Official sources from Tehran confirm that purchase orders based in US dollars will not be accepted by government import and export procedures. According to presstv.com (a broadcasting service affiliated with the Islamic Republic of Iran Broadcasting), Mehdi Kasraeipour, Director of Foreign Exchange Rules and Policies Affairs of the Central Bank of Iran (CBI) stated that policies aimed at ditching the dollar, came into effect on Wednesday the 28th by virtue of a letter sent by the Ministry of Industry, Mine and Trade. Kasraeipour added, “It’s been for a long time that Iran’s banking sector cannot use the dollar as a result of the sanctions. Therefore, the decision will not create major trouble for traders because the share of the greenback in Iran’s trade activities is not high.” Indeed, Iran cannot do business with American banks as a result of the American embargo.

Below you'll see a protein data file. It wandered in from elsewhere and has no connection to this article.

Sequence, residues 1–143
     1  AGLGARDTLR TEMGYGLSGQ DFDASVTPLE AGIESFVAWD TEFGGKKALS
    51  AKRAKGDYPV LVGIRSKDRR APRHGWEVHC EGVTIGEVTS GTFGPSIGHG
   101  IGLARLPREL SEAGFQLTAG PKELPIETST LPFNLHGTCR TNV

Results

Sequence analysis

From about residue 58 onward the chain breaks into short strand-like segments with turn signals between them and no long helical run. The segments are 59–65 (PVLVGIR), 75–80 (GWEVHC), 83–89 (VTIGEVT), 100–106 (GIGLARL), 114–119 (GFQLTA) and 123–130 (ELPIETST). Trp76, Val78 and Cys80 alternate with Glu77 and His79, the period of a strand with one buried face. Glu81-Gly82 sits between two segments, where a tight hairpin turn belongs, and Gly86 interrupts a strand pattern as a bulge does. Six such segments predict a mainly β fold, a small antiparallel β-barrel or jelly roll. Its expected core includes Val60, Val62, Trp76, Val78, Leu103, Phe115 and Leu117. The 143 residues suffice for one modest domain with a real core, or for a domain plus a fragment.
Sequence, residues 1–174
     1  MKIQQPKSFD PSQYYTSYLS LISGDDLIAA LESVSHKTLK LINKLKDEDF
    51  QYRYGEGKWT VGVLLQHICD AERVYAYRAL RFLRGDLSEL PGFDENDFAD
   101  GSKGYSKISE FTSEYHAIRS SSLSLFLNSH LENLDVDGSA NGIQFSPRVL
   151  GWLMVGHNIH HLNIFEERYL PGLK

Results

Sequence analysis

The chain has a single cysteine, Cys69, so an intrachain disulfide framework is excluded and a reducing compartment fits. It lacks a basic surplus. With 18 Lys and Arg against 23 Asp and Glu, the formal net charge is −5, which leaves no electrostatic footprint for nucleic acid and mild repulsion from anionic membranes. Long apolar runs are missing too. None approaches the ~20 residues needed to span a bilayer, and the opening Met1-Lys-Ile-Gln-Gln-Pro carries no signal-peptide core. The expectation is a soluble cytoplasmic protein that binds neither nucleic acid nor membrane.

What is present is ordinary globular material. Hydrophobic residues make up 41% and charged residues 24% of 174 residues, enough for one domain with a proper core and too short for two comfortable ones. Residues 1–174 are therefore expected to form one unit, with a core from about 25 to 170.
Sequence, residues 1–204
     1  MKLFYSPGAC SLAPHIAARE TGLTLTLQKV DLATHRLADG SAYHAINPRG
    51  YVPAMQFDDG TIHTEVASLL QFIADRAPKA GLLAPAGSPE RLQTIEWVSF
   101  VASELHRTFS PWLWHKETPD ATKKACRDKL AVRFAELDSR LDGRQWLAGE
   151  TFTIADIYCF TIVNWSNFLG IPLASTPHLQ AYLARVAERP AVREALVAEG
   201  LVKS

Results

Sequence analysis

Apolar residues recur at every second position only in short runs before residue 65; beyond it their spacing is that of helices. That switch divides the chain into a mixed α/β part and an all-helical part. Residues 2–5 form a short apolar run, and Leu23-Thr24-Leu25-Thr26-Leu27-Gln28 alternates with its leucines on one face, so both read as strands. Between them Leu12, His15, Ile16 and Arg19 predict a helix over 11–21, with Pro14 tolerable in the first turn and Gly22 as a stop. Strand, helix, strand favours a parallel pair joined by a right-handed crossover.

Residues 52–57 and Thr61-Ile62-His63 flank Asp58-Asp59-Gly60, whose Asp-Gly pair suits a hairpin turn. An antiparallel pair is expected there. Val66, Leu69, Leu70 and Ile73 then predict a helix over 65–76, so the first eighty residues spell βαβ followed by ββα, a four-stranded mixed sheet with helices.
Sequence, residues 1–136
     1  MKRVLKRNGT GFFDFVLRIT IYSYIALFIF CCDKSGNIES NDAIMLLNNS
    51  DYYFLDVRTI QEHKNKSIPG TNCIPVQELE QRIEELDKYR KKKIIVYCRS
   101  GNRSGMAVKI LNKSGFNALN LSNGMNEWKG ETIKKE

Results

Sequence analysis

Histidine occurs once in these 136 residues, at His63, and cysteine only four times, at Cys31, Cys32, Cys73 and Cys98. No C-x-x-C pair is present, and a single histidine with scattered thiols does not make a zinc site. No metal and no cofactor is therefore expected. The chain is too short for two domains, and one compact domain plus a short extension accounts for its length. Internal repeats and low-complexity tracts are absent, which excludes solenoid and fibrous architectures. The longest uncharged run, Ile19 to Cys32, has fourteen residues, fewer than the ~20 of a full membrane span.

By December 10th, 2017, the BCI communicated in a press statement that Iran “[is looking for] less dependency on dollar and more reliance on local currencies in trade deals as the common chapters for Iran.” The press statement came after a meeting with the Vice-Chairman of the Chinese People’s Political Consultative Conference (which is a political advisory body of the People’s Republic of China). Among other issues, they discussed increasing banking cooperation between the two countries, reducing dependency on the dollar, and bolstering the use of local currencies in trade deals between the two countries. China is one of the top importers of Iranian oil, and using the dollar in trade, only reinforces the petrodollar model, and that model is under strain. Iran aims at strengthening the rial, maybe not so much by weakening the dollar, but by boosting its already damaged economy which despite experiencing steady growth, is far from Western standards.